Mumbai: Reliance Communications said on Monday it continues to evaluate proposals for a stake sale in its tower business, but is generating enough funds to take care of its operational capital expenditure.
Beset by a bruising debt load and falling profits, India’s second-biggest mobile operator is looking for fund raising options. It has plans to sell 26% of the company and is also in talks to sell a stake in its tower unit.
An agreement to hive off the tower business to a venture with India’s GTL Infra, which would have cut its debt by more than half, fell apart in September.
“We continue to evaluate proposals. For Reliance Infratel, we continue to look at value for all stakeholders. Where value is right, we will strike a deal,” Arvind Narang, head of investor relations, said on an investor call on Monday.
“We will meet all fund requirements on the operational side from internal accruals. We are cash flow positive.”
A unit of Reliance Communications could raise at least $500 million by selling bonds to European investors, the Economic Times reported earlier on Monday.
Company officials did not comment on the report.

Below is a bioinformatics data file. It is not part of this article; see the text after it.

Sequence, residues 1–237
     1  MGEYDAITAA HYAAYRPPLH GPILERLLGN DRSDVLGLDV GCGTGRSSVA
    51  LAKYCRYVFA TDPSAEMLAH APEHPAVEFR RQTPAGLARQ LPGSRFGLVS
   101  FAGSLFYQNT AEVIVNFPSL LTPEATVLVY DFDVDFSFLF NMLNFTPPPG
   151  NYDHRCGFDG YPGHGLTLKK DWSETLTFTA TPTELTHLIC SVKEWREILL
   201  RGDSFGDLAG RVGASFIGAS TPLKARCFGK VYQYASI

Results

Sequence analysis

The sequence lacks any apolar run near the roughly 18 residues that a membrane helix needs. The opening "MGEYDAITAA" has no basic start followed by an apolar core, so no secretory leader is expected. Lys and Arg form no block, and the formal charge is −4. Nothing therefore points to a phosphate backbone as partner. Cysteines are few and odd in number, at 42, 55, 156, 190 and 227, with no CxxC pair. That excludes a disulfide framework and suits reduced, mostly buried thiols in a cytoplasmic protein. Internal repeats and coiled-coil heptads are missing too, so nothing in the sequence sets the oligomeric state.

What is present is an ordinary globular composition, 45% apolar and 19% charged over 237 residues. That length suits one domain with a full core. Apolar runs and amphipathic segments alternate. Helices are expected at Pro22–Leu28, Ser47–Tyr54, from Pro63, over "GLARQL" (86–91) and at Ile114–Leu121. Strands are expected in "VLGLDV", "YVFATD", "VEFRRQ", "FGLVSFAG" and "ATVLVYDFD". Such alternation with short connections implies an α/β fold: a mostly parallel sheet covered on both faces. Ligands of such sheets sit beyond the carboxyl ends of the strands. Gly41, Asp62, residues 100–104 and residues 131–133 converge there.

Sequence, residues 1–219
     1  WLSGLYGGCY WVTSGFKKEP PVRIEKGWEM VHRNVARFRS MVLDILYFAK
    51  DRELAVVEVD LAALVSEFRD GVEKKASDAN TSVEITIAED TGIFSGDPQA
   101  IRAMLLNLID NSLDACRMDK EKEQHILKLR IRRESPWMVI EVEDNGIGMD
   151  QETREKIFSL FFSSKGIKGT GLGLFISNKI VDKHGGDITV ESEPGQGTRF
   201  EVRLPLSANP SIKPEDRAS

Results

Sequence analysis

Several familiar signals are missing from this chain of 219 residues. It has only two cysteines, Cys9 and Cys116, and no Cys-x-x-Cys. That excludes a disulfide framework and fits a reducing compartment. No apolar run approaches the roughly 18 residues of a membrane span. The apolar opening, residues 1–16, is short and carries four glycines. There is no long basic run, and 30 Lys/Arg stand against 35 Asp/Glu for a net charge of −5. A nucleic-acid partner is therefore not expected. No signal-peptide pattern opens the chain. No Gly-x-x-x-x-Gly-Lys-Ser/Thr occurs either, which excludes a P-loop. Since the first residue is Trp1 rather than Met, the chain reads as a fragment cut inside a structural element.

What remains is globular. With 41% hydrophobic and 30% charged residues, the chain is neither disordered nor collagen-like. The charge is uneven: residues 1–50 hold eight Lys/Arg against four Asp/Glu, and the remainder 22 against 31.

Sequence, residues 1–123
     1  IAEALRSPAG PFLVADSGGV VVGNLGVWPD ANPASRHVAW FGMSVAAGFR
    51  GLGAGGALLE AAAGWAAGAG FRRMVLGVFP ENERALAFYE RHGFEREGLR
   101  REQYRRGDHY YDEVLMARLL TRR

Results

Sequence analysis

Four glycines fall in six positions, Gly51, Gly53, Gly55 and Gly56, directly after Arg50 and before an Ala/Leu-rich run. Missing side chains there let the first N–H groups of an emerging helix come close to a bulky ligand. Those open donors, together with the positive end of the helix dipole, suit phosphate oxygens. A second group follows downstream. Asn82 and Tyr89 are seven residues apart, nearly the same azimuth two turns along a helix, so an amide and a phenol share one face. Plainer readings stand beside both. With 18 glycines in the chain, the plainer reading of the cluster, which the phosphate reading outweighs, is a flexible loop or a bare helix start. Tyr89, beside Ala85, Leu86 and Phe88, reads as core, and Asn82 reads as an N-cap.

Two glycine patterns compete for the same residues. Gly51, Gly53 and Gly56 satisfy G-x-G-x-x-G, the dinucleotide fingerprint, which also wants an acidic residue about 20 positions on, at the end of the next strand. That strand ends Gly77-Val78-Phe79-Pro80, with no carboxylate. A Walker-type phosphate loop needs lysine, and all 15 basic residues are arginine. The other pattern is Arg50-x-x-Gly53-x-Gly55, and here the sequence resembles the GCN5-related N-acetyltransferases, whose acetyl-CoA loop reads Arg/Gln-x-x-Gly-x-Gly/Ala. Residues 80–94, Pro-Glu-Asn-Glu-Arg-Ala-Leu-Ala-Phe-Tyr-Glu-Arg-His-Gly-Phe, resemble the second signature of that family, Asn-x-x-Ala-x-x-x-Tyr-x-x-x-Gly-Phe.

On Saturday, Reliance Comm reported a 40% drop in quarterly profit -- its fifth-straight quarter of profit fall -- after being squeezed by a vicious call price war in the world’s fastest-growing mobile market.
The company, controlled by billionaire Anil Ambani, said consolidated net profit fell to Rs446 crore ($100 million) for its fiscal second quarter ended September.
Indian mobile firms, including Reliance Comm and larger rival Bharti Airtel, have seen their earnings hit by a price war that broke out last year amid stiff competition in the 15-player market, sending call prices as low as 0.4 US cents a minute.
The outlook for the sector has improved in the last few months with no significant price cuts happening. Also, firms are gearing up to commercially roll out third-generation (3G) wireless services, which would help them grow high-margin mobile data business in a market that has thrived on voice calls.
Reliance Comm expects to be in the 3G market by end of the year, but officials declined to give an exact timing for the launch.
“3G should be value accretive, because we have a 3G-ready network and operational expenditure will not be high,” Syed Safawi, the company’s head of wireless business, said on the conference call.
He said for the voice segment, minutes of use in the third quarter ending December are likely to be higher than the previous sequential quarter, on account of festive demand.
At 12:13 pm, shares in Reliance Comm, valued by the market at about $8 billion, were trading 2.1% lower on the BSE. They had earlier slipped as much as 5% to touch Rs165.